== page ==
Clinical Associate Professor Marcus Skinner AM | Class of 1974

Posted on July 24, 2020

Tell us about your time at Friends’?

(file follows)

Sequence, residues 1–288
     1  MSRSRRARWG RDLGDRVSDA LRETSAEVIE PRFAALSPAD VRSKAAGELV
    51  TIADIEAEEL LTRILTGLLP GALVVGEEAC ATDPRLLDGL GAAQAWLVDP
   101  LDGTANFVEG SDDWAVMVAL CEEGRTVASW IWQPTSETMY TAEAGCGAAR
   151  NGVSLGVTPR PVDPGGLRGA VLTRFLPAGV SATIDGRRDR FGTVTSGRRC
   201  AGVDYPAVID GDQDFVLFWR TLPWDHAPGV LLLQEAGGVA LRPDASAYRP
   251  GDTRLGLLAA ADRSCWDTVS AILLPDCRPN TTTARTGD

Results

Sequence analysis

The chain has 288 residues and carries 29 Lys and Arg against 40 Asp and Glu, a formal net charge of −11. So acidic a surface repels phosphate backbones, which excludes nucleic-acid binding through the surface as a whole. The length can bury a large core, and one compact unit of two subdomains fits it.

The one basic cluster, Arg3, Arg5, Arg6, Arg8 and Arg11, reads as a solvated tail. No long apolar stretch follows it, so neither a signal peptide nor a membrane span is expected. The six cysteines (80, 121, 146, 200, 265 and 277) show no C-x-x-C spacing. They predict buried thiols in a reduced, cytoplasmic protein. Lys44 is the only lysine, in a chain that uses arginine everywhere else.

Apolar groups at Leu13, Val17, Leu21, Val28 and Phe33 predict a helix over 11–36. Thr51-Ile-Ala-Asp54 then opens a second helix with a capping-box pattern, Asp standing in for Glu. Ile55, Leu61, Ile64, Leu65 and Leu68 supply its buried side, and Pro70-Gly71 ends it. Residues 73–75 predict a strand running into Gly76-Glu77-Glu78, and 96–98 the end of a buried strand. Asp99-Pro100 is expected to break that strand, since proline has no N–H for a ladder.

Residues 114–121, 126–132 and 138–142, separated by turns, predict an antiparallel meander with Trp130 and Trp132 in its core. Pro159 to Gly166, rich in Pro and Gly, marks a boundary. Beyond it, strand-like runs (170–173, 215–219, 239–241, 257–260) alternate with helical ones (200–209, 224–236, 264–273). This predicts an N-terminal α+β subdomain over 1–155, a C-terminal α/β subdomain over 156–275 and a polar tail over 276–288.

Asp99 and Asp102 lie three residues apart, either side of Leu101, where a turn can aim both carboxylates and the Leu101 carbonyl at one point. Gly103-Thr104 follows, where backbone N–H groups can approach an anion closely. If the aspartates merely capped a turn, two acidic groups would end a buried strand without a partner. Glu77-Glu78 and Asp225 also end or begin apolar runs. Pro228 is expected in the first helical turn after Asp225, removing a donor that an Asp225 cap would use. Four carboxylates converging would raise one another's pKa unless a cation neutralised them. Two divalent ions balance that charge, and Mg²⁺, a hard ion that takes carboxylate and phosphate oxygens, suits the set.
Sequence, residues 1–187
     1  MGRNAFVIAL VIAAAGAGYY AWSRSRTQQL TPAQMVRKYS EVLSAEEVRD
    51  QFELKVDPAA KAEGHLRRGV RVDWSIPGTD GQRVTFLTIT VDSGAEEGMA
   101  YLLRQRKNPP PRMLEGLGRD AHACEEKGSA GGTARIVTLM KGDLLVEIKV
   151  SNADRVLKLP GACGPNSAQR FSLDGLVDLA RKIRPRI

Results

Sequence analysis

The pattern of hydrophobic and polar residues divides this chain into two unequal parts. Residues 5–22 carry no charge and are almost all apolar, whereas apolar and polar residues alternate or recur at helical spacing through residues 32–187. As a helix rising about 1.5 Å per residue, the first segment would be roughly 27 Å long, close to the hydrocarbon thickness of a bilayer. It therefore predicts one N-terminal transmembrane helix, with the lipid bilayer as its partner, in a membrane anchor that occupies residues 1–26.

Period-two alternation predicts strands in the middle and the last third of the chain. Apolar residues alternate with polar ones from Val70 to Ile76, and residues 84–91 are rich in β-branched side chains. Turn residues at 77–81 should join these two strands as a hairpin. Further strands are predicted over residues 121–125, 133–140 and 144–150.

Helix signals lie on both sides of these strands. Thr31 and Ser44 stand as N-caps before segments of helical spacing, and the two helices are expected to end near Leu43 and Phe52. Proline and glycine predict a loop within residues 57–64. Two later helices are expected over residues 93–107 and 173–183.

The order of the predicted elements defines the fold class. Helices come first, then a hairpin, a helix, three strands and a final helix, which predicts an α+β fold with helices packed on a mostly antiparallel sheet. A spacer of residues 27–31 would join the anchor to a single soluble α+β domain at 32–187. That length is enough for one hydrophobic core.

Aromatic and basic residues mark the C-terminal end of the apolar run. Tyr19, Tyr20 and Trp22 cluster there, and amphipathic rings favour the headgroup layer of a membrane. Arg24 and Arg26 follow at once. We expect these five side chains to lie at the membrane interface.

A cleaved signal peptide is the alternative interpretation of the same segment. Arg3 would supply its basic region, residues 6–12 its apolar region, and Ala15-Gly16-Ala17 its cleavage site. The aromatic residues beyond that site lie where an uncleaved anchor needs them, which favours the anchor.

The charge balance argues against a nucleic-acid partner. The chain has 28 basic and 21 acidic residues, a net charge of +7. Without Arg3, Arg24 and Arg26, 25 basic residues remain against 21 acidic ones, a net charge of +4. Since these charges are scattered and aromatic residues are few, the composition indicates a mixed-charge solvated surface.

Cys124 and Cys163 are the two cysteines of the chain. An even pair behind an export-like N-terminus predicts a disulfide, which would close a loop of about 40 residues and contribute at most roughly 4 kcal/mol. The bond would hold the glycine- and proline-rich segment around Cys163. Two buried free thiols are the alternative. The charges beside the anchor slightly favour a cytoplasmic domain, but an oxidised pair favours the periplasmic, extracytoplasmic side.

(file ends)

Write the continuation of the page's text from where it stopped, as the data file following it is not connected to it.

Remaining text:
My family returned to Tasmania in 1971 and I commenced school life at Friends’ as a boarder in Year 9. My mother died when I was 10 and my father and step-mother wanted a stable and sound education for me. In that era the boarding house was in Carr Street with the dining room being Hodgkin Hall. Bill Oats was the headmaster at first, followed by Rod Grosvenor in 1973. At school we were required to participate in a range of activities and I remember getting up super early for rowing training and our cooked breakfast on return. As boarders we were a rowdy bunch but there were set routines and expectations of us. After dinner in the evenings we had a dedicated study time which helped establish great routines for the future. I remember well that on Sundays we would visit various religious centres in Hobart such as the Catholic and Anglican Cathedrals, Jewish Synagogue etc, but I always returned to the feeling that the Quaker values truly represented my beliefs. Looking back, Friends’ was a great environment for a young man to grow and strengthen core values. Instilled by my family, these values were cemented by the Friends’ community. My best mates were all Boarders. We had a shared camaraderie and looked out for one another because we were Boarders. Andrew Jones (Cook), Kim Frankcombe (Luigi) and Jim Roberts-Thomson (Moon) have been lifelong friends. Sadly, Andrew passed away suddenly and unexpectedly a few years ago and is sorely missed.